Making the Perfect Record: From Inscription to Impression in Early Magnetic Recording

A Prehistory for the Hard Drive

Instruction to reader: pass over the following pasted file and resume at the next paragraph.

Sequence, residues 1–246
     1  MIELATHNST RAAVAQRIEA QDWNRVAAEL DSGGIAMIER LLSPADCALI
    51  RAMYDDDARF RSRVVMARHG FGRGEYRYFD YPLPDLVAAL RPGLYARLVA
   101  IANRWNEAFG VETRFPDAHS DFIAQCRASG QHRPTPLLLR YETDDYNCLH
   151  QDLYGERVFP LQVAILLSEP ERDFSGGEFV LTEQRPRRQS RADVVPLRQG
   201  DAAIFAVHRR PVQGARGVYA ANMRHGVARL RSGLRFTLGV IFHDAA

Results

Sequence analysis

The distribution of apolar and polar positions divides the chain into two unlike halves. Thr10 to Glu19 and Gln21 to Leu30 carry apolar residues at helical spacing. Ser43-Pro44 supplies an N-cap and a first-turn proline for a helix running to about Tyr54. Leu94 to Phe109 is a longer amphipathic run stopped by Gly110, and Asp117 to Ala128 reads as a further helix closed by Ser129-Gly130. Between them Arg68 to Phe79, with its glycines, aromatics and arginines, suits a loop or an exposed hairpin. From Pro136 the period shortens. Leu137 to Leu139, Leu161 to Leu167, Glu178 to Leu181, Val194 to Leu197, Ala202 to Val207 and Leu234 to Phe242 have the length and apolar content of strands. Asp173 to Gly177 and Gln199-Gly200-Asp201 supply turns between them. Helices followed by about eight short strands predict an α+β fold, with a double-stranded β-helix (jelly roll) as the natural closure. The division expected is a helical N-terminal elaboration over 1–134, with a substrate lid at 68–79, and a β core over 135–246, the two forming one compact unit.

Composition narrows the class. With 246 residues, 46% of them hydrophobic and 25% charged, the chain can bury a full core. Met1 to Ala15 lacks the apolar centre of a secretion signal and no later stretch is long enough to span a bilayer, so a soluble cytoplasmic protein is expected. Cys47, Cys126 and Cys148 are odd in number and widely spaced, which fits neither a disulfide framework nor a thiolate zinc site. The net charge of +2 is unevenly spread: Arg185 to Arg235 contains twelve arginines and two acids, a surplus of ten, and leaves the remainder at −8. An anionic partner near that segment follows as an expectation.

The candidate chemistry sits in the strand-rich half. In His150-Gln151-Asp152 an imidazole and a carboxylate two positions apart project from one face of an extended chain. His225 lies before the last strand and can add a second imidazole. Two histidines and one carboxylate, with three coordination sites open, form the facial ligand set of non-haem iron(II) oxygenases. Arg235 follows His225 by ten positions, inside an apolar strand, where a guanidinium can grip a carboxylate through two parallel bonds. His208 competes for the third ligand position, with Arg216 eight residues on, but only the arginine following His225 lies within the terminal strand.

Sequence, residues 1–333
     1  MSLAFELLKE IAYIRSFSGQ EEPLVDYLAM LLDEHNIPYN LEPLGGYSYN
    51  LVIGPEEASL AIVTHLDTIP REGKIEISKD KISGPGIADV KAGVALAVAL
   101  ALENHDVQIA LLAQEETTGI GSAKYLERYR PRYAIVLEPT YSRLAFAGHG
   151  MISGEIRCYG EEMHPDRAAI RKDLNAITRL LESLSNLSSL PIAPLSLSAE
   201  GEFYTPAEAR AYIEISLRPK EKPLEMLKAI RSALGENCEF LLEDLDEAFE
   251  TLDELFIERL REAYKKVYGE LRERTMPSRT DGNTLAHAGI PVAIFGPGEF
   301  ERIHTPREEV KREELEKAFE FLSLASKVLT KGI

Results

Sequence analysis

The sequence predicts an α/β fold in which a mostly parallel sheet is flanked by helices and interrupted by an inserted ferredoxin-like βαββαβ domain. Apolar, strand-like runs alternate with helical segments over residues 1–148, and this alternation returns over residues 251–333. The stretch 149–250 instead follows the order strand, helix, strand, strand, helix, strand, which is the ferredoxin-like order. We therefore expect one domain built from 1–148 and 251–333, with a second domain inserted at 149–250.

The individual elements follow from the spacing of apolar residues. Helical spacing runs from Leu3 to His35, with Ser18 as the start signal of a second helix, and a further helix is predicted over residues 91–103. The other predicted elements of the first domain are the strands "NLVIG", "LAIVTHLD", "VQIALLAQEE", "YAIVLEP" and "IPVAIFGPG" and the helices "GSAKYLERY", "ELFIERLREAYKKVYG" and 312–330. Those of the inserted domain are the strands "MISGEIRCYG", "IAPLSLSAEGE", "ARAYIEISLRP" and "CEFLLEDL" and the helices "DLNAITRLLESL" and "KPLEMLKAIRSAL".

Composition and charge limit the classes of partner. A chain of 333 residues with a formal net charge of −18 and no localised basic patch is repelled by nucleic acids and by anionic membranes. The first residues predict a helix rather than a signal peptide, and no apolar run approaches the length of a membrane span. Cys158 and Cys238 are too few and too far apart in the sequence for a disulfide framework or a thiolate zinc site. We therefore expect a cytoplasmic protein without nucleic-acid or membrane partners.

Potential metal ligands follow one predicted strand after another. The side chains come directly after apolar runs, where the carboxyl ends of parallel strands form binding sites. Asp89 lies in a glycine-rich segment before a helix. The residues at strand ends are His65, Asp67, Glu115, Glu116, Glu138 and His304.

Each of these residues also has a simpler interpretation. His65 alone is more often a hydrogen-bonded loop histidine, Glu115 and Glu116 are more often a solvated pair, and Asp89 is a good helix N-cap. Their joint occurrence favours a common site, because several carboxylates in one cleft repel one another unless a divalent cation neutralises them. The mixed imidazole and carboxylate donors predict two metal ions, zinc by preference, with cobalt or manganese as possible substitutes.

All of this faith and speculation was possible without a standardized device. No doubt, the case of the telegraphone is all the more curious because fiction related to it circulated more than the physical object itself. Despite the 1900 Paris Exhibition gold medal, exhaustive research by Poulsen’s team, and endorsements from a number of known scientists and engineers in related fields, the telegraphone never achieved a default state—say, a reliable medium with a known storage capacity and consistent playback—intended for a specific group of ideal users (e.g., office workers, police, or detectives). Likely for this reason, as well as its lack of commercial success, it is rarely mentioned in media or literary studies.57 Still, as this essay shows, the telegraphone did gain some traction, offering us a prehistory for its now ubiquitous successor—the hard drive—and attendant medial ideologies anchored in the immediate transubstantiation of magnetic impressions into seemingly immaterial, data-driven expressions.58 To be sure, neither the details of this prehistory nor the objects and ideologies associated with them are reducible to technical matters alone. Again, people learned to at once ignore, trust, and desire magnetic recording—to make magnetic records, not just give or take them.

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